The educational achievement gap matters beyond just school as today's students will be tomorrow's workforce.
A 2012 study by the Morrison Institute of Public Policy at Arizona State University found that if nothing is done to close the gap, the number of Arizona adults with less than a high school education could rise over 60 percent, from around 524,000 in 2010 to 858,000 in 2030.
That would affect the state's economy as more qualified workers are needed as Arizona's knowledge-based industries, such as technology, continue to grow.
Today in Arizona, Latino-owned businesses are growing faster than other ones. But they could be growing even faster and adding more to Arizona’s economy if it weren't for hurdles Latino business owners face that are less common for white business owners.
To support the economic impact that Latinos have on the state, it's important that the Latino voice is heard.
Yet, much like Latino business owners, Latino voters are also disproportionately met with obstacles when casting ballots compared to white voters. If those obstacles are dismantled, the state's vote could change from red to blue — something Arizona had a taste of in the 2018 midterm elections.
Being a minority in a state that has a complicated relationship with race comes with certain complexities. In Arizona, the main storylines often focus on Latinos and Native Americans. In reality, while those groups make up a larger percentage of the state's population, the issue of race can be much more nuanced.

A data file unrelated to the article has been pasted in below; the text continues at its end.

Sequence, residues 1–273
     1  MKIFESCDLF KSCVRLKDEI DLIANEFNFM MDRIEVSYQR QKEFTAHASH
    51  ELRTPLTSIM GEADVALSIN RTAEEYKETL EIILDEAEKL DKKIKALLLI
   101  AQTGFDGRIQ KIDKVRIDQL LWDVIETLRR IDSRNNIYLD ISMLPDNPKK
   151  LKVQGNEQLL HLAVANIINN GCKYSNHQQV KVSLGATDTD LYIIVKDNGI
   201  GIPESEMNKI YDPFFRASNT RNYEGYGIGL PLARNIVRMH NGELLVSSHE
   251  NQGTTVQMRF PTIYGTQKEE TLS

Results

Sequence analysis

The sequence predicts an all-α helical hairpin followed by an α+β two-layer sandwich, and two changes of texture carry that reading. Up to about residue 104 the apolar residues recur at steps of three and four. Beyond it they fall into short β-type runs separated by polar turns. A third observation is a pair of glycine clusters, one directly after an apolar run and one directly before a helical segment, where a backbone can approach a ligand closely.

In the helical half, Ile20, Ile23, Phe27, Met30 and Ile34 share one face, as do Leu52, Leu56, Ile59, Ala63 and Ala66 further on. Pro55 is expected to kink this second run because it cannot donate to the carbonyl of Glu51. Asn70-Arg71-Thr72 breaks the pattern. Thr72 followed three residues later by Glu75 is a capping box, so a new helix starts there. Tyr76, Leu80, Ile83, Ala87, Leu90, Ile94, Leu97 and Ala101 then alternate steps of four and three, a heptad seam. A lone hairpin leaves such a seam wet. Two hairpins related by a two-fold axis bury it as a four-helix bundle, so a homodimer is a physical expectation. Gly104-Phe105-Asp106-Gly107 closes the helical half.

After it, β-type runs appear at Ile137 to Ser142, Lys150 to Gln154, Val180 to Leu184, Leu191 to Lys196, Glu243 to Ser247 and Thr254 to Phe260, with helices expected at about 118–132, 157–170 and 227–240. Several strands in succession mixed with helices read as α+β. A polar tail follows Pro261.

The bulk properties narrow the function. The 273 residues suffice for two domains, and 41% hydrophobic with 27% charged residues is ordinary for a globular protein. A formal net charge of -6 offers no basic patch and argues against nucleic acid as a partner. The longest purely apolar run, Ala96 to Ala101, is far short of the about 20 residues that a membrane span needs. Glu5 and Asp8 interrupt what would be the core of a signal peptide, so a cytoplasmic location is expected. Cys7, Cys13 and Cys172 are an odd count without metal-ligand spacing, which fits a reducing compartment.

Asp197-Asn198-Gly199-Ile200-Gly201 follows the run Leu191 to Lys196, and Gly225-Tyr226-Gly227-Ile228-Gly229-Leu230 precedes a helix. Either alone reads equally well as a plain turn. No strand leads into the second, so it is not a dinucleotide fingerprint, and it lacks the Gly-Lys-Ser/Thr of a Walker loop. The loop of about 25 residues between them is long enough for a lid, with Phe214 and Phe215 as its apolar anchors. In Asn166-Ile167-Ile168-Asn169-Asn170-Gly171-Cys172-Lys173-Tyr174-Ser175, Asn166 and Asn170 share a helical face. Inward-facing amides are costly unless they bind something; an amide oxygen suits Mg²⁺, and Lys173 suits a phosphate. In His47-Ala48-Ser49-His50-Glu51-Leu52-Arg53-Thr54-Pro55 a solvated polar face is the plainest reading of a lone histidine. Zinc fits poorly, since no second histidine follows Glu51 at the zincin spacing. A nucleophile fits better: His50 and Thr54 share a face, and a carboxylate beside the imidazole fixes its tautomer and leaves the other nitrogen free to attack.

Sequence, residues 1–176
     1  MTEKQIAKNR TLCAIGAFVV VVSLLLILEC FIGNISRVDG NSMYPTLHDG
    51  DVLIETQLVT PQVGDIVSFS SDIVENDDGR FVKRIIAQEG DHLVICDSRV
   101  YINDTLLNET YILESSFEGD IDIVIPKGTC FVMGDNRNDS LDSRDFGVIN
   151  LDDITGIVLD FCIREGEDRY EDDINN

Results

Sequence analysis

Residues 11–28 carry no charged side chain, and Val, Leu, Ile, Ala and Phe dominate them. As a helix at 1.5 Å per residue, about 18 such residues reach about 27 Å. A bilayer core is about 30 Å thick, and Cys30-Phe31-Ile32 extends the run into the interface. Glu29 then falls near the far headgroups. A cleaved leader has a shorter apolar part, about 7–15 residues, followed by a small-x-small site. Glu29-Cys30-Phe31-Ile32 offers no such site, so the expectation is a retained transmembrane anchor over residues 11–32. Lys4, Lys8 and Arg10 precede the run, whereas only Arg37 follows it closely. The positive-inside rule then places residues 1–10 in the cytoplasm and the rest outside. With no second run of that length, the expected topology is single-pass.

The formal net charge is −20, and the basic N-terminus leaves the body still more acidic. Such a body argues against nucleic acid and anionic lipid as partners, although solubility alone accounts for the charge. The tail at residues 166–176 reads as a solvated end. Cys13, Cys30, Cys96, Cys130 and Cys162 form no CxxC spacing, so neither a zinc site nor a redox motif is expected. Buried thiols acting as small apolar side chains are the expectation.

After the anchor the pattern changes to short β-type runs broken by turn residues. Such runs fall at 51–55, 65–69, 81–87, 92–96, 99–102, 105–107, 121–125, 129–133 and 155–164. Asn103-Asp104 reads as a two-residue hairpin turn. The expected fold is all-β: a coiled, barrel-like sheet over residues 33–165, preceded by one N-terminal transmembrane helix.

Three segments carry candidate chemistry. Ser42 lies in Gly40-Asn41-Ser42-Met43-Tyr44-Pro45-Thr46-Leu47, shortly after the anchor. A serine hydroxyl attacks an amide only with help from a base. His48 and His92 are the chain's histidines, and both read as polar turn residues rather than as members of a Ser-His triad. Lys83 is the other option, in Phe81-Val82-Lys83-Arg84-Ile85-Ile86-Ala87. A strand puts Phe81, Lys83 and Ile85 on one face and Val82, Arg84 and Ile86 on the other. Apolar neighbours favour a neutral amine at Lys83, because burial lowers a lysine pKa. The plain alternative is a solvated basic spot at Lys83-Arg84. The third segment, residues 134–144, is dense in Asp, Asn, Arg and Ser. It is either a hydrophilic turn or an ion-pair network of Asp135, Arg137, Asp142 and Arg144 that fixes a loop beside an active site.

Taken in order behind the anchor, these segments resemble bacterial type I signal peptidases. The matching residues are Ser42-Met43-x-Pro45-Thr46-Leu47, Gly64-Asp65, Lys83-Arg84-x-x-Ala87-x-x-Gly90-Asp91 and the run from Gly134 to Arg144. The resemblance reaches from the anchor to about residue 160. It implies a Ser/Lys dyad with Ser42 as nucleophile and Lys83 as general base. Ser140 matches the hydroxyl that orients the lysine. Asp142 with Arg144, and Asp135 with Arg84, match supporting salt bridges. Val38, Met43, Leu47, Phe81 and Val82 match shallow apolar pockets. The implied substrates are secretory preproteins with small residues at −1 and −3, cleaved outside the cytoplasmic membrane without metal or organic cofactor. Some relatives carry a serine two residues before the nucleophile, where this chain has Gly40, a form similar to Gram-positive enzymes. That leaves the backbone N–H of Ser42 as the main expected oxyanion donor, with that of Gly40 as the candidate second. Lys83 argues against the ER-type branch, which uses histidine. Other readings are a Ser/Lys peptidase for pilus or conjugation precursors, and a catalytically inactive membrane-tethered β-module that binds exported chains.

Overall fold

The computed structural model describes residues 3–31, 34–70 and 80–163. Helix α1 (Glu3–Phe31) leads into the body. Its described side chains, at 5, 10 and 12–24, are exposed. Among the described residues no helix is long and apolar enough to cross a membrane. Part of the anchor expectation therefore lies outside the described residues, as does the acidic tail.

The Census Bureau says the population of people who are bi or multiracial is projected to be the fastest growing racial or ethnic group over the next several decades.
Aliya Mateen, a 22-year-old woman living in Phoenix, speaks to issues bi or multiracial people experience that may vary from other minorities.
"The whole entire life that I’ve lived has been a gray area in societal standards because I don’t mesh into one of those boxes. I’m the ‘Other’ box," said Mateen, whose father is black and mother is white. "I don’t want to be in that box but I don’t want to be forced to pick another one either. There should be a box for me.”
The face of Arizona is changing. The imminent majority-majority shift will impact statewide social sectors and those changes are unfolding right now.
"When change is inevitable, you can either embrace it, work with it, guide it and try to be successful and benefit for all; or you can resist it, which is futile—which I think we’re seeing somewhat— but the change is going to happen anyway," the Morrison Institute's Director of Latino Policy Joseph Garcia said. "The data don’t lie. We know what the future’s going to look like."
So, Arizona, it's your move.
The Changing Face of Arizona is a special project by 12News.com staff.
Alejandra Armstrong, editor and reporter
Anne Stegen, editor and reporter
Elizabeth Wiley, digital director
Mackenzie Concepcion, reporter
Yolanda Garcia-Espinoza, reporter
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Caylee Scott, reporter